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A wolf from the Chesnimnus Pack is caught on camera during the winter survey on U.S. Forest Service land in northern Wallowa County in December 2018. State investigators are searching for suspects after a 2-year-old female wolf that dispersed from the pack was found shot dead over the weekend.

By Kale Williams

Oregon State Police are asking for the public’s help as they search for someone who illegally shot and killed a wolf in Wallowa County.

A resident called state troopers Saturday morning after finding the wolf, a 2-year-old female fitted with a tracking collar, dead on Parsnip Creek Road, about 6 miles southeast of the town of Wallowa.

The wolf, known as OR 106 and who was not traveling with other animals after dispersing from the Chesnimnus Pack, was determined to have died of a gunshot wound, according to wildlife biologists with the Oregon Department of Fish and Wildlife.

The wolf is one of several that have been poached in eastern Oregon in the past 12 months.

At least eight wolves were fatally poisoned in eastern Oregon over several months last year in Union County, just to the west of Wallowa County. A reward of nearly $50,000 has been offered for information that leads to a conviction in the poisoning case.

Tension between wolf advocates and ranchers, whose livestock has sometimes been preyed upon by the canids, has festered in Oregon since the animals began repopulating the state in the early 2000s. Debates on how best to resolve conflict have grown contentious at times.

Six wolves from the Lookout Mountain Pack, in Baker County, were killed by the state earlier this year after repeated attacks on livestock in the area.

Wolves have been under different levels of protection in the state as their population has grown since their return. The latest count, as measured at the end of 2020, put the minimum number of animals in Oregon at 173.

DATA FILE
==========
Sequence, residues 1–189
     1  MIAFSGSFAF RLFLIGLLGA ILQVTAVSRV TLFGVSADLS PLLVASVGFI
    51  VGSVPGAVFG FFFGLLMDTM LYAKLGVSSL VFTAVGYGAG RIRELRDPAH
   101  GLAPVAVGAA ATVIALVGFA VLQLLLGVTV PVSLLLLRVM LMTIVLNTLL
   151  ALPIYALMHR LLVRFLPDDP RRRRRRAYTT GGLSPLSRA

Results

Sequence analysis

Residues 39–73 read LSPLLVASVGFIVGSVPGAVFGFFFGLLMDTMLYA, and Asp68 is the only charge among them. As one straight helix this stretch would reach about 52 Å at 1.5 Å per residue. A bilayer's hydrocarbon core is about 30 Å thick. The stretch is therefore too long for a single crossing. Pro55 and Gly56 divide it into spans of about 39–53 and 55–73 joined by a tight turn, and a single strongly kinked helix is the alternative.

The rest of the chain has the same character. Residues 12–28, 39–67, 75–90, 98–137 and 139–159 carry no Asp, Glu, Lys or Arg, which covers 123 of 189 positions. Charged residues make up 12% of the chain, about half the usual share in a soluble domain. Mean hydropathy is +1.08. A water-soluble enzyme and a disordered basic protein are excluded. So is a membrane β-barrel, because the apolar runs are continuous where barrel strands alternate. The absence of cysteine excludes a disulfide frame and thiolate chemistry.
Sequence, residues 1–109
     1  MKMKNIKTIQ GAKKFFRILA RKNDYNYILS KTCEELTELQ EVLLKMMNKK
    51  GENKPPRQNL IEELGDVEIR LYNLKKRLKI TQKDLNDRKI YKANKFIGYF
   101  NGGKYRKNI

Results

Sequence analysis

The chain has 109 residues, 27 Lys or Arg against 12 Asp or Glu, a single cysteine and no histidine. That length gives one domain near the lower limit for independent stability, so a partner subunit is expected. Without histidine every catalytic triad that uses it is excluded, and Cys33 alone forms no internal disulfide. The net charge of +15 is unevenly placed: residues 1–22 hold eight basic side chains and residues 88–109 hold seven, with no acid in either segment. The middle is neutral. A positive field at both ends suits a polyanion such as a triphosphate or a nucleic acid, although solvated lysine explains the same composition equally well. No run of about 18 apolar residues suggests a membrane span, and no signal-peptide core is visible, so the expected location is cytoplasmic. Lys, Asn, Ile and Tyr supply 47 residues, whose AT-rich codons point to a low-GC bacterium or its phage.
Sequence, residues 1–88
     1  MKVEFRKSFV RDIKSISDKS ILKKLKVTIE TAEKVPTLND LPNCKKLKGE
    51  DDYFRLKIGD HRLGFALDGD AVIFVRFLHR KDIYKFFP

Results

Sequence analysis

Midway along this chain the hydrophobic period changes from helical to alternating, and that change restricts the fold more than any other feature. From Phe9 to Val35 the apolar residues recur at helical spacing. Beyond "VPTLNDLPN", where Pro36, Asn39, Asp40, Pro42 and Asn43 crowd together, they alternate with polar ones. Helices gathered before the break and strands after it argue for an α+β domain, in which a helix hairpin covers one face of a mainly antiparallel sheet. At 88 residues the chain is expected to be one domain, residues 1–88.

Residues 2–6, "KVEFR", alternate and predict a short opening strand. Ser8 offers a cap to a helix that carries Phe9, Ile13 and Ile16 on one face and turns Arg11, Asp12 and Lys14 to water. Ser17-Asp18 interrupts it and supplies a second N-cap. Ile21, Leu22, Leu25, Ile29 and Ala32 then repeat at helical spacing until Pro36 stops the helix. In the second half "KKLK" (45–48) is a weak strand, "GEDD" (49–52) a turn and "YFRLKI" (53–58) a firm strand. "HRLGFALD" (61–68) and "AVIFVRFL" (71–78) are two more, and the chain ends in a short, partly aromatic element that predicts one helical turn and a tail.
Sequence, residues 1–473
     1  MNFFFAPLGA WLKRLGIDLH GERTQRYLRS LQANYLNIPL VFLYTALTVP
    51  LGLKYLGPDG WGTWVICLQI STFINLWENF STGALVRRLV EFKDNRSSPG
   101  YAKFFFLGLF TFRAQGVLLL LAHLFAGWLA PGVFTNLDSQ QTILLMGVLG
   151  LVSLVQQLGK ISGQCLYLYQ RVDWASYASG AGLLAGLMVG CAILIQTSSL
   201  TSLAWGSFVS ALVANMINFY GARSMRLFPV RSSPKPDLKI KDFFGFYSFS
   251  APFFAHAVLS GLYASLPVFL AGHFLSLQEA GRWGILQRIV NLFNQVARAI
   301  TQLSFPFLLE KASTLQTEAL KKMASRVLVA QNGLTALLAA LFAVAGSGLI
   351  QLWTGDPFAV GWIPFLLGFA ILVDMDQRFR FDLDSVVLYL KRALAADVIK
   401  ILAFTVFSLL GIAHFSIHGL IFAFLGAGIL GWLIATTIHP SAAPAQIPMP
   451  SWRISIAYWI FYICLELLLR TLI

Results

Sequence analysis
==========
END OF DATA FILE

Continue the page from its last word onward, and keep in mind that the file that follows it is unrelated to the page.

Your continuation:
Last year, federal protections for wolves under the Endangered Species Act were rescinded by the Trump administration, though advocates for the animals have sued to have the animal’s protected status reinstated.

After the most recent poaching, Amoroq Weiss, senior wolf advocate at the Center for Biological Diversity, called for a special prosecutor in Oregon to look into the issue. She said at least 30 wolves have been illegally killed over the past two decades with only three successful prosecutions.

“This wolf’s lonely death highlights why Oregon needs to establish a special prosecutor’s office for wildlife-related crime,” Weiss said in a statement. “Oregon’s wolves are in extreme danger from illegal killings, and the killers often escape consequences. The state needs to do much more to investigate and punish these sickening crimes.”

State investigators asked anyone with information regarding this case to call the Oregon State Police tip line at 1-800-452-7888, by dialing OSP (677) or by email at TIP@state.or.us., referencing case # SP22006179.

— Kale Williams; kwilliams@oregonian.com; 503-294-4048; @sfkale

via Wolf illegally shot in eastern Oregon; state police looking for suspects | The Oregonian